1) Learn and use storm tactics that are known to succeed. Lin Pardy’s book, ‘Storm Tactics‘ describes heaving-to and deploying a para-anchor from the bow in a bridle to keep the bow to the waves. Bernard Moitessier tried trailing warps on his first trip around Cape Horn, then later learned that he could surf waves coming from his stern quarter under bare poles and keep the boat in control at all times. This meant having someone at the helm at all times as well. Many people believe that the Jordan Series drogue is a better solution for keeping the boat stern to the waves and slowing the boat down to prevent capsize. John Kretschmer describes his best heavy weather tactic as beating or heading to wind when the winds are gale and beyond. There are many other opinions and ideas regarding heavy weather sailing, but the most popular and perhaps the most successful is knowing how to avoid heavy weather all together. Either way, not one tactic will win but also not one tactic will work for all boats in all situations. I am still working on outfitting Satori with storm equipment. I have a new trysail and storm jib for when the winds allow for sailing, but am not further equipped with a para-anchor, Jordan series drogue or additional high-load tackle. I am planning on outfitting with both bow and stern anchors however.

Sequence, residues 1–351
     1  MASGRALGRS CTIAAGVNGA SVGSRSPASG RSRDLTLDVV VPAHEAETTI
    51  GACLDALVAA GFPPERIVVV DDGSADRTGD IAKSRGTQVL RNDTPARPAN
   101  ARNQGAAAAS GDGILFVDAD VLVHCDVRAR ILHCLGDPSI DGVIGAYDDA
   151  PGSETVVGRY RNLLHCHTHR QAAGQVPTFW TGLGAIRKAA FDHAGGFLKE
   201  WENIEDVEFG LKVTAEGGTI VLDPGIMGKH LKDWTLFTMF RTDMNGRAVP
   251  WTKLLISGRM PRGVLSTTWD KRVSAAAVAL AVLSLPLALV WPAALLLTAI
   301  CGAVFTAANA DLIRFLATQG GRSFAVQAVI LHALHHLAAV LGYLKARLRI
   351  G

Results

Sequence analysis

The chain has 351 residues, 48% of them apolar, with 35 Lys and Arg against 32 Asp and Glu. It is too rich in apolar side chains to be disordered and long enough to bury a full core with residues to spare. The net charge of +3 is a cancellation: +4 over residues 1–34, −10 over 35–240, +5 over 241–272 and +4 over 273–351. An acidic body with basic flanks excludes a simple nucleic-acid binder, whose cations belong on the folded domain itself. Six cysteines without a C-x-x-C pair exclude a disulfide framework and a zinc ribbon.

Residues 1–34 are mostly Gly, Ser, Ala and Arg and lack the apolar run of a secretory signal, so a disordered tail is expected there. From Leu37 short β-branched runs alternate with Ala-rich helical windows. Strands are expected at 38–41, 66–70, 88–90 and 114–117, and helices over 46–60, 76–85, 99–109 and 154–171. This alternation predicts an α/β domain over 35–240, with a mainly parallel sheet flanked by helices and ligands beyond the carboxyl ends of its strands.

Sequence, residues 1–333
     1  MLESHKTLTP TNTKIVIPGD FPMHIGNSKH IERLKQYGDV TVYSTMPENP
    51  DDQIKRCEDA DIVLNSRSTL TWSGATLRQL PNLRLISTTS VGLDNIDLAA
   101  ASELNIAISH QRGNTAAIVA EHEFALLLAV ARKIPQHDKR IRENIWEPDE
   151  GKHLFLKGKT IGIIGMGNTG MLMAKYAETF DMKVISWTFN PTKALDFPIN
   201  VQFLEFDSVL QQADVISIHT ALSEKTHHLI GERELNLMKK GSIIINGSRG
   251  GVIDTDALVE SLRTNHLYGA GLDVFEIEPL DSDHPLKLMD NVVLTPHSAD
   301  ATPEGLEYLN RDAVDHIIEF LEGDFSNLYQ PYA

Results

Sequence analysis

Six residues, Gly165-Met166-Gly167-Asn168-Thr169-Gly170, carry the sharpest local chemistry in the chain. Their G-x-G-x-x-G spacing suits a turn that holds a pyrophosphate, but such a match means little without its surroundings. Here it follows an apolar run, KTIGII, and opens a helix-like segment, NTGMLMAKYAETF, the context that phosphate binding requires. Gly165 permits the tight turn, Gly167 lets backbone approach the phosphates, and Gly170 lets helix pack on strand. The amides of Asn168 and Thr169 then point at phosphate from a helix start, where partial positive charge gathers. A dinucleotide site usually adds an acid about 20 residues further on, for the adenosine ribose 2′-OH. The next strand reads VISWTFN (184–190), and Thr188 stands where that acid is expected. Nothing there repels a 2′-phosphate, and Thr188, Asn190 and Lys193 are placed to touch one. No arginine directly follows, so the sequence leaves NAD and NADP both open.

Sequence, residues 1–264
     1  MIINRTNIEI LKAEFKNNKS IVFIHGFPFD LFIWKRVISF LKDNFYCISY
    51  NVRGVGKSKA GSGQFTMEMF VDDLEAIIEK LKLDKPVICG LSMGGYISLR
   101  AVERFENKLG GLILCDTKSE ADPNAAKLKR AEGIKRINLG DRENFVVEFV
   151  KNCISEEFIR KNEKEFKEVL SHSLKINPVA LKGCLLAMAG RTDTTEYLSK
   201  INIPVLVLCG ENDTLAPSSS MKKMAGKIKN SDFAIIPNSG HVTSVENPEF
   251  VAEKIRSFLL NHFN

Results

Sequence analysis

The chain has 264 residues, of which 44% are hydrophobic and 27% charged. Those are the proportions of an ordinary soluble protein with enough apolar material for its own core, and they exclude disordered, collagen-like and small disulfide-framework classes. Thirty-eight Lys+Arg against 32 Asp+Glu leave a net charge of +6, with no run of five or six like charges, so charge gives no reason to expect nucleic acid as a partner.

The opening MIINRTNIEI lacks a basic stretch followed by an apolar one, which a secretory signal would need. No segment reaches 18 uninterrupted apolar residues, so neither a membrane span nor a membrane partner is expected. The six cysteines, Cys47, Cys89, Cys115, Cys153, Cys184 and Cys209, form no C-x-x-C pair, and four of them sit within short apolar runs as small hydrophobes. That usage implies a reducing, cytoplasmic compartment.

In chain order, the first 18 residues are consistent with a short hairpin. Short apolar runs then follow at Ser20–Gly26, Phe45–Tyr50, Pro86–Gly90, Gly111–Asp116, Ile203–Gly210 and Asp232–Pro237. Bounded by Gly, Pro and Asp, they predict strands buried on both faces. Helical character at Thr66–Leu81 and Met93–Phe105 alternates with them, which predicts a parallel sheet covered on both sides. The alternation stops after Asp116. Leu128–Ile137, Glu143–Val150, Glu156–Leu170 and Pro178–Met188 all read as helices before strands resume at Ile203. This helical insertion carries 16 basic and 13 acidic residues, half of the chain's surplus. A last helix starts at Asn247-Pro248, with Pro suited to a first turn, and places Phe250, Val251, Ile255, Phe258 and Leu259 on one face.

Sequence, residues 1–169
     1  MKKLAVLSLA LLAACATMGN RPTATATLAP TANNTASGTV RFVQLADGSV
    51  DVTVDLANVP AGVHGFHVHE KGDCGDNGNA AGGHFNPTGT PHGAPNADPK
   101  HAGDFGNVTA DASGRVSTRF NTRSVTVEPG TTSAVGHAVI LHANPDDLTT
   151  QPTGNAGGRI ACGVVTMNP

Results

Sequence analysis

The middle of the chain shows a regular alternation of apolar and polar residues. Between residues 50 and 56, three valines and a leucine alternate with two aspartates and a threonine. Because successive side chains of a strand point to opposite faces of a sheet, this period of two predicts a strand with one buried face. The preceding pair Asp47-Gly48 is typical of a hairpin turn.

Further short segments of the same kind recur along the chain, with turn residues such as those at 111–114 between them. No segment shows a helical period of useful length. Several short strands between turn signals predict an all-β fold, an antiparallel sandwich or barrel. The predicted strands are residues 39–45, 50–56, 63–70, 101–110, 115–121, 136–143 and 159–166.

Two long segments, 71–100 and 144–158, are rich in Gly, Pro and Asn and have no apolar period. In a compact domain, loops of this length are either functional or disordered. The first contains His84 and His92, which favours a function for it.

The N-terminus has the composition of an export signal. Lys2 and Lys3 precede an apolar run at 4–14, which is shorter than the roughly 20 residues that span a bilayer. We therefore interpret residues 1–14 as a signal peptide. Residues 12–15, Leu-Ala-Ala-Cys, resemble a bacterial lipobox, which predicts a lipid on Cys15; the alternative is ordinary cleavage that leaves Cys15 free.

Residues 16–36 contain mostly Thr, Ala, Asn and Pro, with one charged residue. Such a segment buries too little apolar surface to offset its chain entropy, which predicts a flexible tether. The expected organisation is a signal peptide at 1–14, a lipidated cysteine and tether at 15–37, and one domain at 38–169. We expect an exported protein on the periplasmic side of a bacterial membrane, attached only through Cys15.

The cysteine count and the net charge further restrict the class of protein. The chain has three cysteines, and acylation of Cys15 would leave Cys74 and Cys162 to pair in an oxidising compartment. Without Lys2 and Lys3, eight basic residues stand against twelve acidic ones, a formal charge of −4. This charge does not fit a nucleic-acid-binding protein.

2) Prepare and maintain your rig and rigging. In the most popular accounts of a Westsail becoming dismasted, it seems that the rigging could have been inspected, replaced and maintained to prevent a failure. This includes the chainplates, the mast assembly and toggles, turnbuckles and anything else that may not have been inspected or replaced before heading offshore. When I purchased Satori, I thought simply replacing the standing rigging would be all that is needed to prepare the rig for offshore sailing. I’ve now decided that I was naive to think that the four stays and chainplates would suffice, as would not rebuilding the mast and inspecting every single fitting. I’ve since decided that I will continue to refit Satori during this upcoming winter, with the primary project being the mast, boom and any other rigging that has not already been serviced or replaced. Another idea I’ve had is to make sure there are backups for the backstay and forestay. A dyneema solent stay would be useful to allow Satori to run under two sails, or allow a genoa to be deployed without having to take down the yankee on the roller furler. It would also allow the storm jib to be deployed on the forward triangle to balance the helm in winds from twenty-five knots to thirty-five knots. Currently the plan only allows for the staysail and mainsail triangles to be utilized. It would also serve as a backup forestay in the event that the steel stay failed. The backstay could also have an additional dyneema stay that could be attached like a running backstay but when running with only a sail on the forestay or spinnaker, as opposed to only the staysail and opposing runners. When neither of these stays are needed, they can be lashed outboard to a belay pin and because of their light weight, would not cause a sacrifice in weight aloft.